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9 Mistakes to Avoid While Adding Survey Questions

Market research 04 12
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Surveys can help you gain insights from your clients and customers about your brand, product, services, etc. You may have decided the purpose of your survey and the questions suitable to serve the purpose. However, the questions you ask determine whether it is a bad survey or a good one. 

Survey questions are the path you create to get the most honest opinion from your customers without bias. Your survey questions should not make the respondents feel nervous or forced. They should be able to answer what they actually believe and share their opinion openly.

Mistakes to avoid when designing your Survey1

This is why, in this blog, we’ve shared nine common mistakes to avoid while adding questions to your survey. Let’s take a look at them:


Skipping the Introduction

An introduction is the best way to encourage the respondents to complete the survey. You boost not only the completion rate but also the engagement between the respondents and the company.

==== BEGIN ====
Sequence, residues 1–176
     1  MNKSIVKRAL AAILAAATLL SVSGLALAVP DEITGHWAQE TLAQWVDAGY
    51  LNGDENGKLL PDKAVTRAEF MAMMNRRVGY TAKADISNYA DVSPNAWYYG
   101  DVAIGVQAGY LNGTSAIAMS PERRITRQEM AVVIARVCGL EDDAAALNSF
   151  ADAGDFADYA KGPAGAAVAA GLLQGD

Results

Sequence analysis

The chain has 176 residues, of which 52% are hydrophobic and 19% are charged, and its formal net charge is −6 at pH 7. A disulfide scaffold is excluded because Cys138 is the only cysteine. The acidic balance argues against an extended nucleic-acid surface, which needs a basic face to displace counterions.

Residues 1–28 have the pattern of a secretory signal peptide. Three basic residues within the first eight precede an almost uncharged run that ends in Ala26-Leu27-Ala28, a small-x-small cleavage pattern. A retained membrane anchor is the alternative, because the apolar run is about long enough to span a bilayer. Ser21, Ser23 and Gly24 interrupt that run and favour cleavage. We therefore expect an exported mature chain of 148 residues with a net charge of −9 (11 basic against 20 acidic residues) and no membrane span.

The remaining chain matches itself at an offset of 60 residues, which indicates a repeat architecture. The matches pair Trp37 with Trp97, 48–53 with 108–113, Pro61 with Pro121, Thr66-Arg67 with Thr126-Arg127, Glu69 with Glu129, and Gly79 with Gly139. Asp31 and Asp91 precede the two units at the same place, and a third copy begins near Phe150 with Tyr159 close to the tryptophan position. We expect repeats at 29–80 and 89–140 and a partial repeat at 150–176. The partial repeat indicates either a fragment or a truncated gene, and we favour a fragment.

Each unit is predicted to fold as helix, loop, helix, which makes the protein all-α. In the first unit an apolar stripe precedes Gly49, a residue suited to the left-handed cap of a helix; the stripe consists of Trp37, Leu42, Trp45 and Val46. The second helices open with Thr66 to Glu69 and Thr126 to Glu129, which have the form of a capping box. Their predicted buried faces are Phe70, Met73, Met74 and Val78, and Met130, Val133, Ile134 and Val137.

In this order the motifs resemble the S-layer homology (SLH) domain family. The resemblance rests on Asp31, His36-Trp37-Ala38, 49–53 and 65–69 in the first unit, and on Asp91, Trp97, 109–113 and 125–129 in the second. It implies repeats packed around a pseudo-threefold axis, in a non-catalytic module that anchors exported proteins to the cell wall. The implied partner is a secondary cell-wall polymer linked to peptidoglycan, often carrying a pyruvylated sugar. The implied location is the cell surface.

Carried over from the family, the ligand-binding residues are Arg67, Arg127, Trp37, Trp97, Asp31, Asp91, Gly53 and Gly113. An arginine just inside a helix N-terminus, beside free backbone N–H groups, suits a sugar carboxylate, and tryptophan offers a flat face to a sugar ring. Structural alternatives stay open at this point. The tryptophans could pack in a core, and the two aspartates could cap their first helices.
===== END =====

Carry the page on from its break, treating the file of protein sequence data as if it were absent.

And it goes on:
If you don’t provide reasons as to why you are conducting the survey, the respondents may feel suspicious and also lose motivation. They may find it not worth their time if they cannot understand your purpose. 

Use clear language to inform the respondents of your survey goal. Tell them how you will use the responses to change your business. Also, make sure you mention the estimated time it may take for them to complete the survey. 

This way, they can set aside time to fill in your survey without feeling burdened.

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Adding Too Many Survey Questions

Asking too many questions can push the respondent to abandon the survey halfway. Moreover, if they use their mobile phone to fill out the survey, they wouldn’t enjoy scrolling page after page for you. 

The longer the survey is, the less likely they will complete it. You should limit your questions to 25 to 30. Also, organize your questions so that you don’t ask open-ended questions unless absolutely necessary. People don’t enjoy writing answers on their mobile phones.